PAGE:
advertisement
advertisement
Share on Facebook
Share on Twitter
Delicious
E-mail this article
Print this Article
advertisement

Recently, as I’ve been out and about around the base in the mornings, I’ve noticed something that’s been getting under my skin – people failing to stop and show respect when they play the national anthem. I’ve seen this from both those in uniform and civilians. If you’re one of them, here are a couple of reasons I’d ask you to reconsider.

Customs and courtesies – In the military, we observe these. We salute, we address people a certain way and we stop, stand at attention and salute when the national anthem is played. We do this because it sets us apart as an organization. It shows that we take pride in who we are and what we stand for. And if you’re a civilian, it shows that you respect the culture of that organization just as you respect certain rules when you’re a guest in someone’s home.

Tradition – Morning colors is something that is done at military installations across the world. It has been done for as long as most can remember. Tradition is not something we do because, “we’ve always done it that way.” It’s something we do because it binds us to those who have served before us and because it reminds us of what we stand for.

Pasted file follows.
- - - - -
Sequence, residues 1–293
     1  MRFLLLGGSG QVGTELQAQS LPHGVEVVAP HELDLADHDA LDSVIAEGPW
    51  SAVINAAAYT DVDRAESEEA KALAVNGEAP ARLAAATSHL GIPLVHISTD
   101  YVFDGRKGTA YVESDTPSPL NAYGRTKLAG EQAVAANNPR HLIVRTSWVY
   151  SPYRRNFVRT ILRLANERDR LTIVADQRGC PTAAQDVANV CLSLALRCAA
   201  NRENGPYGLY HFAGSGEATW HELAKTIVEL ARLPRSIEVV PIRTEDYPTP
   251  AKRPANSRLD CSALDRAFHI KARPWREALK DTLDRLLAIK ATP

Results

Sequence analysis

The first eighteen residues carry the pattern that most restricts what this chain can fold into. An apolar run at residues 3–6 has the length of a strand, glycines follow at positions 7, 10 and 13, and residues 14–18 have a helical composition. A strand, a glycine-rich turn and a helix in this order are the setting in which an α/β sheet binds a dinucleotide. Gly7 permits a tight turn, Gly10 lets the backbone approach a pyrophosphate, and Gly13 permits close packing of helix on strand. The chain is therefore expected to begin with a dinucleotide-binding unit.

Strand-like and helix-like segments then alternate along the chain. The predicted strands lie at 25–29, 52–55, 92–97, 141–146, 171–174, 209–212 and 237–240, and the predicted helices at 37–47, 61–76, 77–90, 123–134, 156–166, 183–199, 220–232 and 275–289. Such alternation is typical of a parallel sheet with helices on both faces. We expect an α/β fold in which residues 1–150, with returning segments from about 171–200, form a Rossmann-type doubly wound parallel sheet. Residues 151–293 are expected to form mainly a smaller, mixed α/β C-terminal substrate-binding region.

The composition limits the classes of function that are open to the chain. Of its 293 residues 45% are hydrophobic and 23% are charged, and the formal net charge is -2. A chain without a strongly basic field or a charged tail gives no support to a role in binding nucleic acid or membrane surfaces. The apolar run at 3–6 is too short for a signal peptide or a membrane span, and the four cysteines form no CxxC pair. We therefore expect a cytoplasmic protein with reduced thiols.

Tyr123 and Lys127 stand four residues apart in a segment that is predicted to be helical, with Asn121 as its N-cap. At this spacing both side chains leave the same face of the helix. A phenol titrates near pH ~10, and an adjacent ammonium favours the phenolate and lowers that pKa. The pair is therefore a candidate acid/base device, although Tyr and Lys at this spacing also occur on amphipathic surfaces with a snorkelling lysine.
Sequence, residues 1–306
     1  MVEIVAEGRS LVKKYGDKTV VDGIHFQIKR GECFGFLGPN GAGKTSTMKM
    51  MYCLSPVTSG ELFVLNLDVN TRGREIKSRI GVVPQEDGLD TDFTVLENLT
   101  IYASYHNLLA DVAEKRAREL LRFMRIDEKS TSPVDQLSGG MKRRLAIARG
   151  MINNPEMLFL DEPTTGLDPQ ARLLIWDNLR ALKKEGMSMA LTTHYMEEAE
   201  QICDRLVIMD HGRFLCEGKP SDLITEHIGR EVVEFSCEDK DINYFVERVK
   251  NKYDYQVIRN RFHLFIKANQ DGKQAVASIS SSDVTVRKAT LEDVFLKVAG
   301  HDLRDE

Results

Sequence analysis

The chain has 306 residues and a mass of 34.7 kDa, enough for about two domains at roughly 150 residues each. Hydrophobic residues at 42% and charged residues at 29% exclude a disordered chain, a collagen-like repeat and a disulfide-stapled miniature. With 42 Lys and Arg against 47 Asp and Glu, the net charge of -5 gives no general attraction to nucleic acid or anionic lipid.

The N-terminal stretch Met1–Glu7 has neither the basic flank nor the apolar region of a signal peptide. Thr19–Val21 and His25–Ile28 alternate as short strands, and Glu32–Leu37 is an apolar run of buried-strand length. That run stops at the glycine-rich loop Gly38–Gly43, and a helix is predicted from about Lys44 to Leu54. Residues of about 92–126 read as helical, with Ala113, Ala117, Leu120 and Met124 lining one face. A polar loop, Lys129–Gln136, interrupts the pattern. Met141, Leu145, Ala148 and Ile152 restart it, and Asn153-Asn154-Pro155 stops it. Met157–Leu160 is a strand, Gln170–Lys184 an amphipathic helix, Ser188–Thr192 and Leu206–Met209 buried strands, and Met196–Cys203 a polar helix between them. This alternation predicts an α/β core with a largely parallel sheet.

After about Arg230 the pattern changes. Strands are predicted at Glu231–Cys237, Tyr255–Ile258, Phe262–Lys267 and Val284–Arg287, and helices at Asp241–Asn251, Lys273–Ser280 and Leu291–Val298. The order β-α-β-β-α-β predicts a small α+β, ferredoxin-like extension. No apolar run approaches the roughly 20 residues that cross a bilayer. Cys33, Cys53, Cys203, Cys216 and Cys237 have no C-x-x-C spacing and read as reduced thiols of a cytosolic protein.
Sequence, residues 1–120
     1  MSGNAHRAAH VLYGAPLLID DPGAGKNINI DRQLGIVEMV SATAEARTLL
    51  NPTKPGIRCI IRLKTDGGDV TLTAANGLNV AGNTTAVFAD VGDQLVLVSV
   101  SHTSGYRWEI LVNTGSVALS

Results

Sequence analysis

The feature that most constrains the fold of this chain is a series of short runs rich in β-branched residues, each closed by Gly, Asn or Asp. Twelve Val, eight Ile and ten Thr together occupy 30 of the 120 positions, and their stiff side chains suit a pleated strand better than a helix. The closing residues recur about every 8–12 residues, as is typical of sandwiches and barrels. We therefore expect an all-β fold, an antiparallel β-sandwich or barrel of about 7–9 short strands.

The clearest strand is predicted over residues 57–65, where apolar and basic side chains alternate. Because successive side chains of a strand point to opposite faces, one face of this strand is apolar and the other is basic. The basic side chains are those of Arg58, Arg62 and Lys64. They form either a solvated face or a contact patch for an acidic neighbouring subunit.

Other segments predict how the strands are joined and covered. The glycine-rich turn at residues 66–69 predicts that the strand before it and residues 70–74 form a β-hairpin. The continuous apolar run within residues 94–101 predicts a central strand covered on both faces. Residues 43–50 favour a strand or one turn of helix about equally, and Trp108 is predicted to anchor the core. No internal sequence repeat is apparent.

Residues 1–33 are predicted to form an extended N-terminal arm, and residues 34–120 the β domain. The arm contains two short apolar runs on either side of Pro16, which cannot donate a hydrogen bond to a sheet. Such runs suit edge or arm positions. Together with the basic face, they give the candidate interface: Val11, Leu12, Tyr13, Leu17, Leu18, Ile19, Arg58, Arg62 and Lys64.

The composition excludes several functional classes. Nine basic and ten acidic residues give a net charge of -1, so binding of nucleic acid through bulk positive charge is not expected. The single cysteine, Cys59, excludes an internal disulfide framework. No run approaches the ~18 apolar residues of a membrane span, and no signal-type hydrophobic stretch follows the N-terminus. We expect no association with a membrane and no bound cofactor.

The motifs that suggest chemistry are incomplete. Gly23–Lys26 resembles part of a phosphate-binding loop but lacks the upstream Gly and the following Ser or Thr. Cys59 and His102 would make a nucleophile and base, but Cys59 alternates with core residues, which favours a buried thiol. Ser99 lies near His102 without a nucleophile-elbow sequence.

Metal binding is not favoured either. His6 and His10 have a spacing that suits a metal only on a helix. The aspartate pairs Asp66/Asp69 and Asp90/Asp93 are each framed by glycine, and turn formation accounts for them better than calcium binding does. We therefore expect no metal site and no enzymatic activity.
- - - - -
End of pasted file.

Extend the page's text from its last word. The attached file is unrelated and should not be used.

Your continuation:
Finally, there is the best and simplest reason for stopping for those two minutes in the morning. It’s the right thing to do. When I’ve seen patients come out of the hospital in the morning to pay their respects, it’s the right thing to do. When you see everyone else around you stopping, it’s the right thing to do. And when we have people just inside the doors that sit opposite the flag pole who have sacrificed so much for their country, it’s the right thing to do.

I’m not trying to preach to you. I’m just asking that you think about why we carry out this simple yet important tradition every morning. I hope I’ve gotten you thinking about why we stop and pay our respects to the flag. And if you’re one of the people I’ve seen, one of those who keeps walking or driving when everyone else has stopped, take a moment to reconsider.

Chief Master-at-Arms

Marty McQuagge

Naval Support Activity Bethesda

Senior Enlisted Leader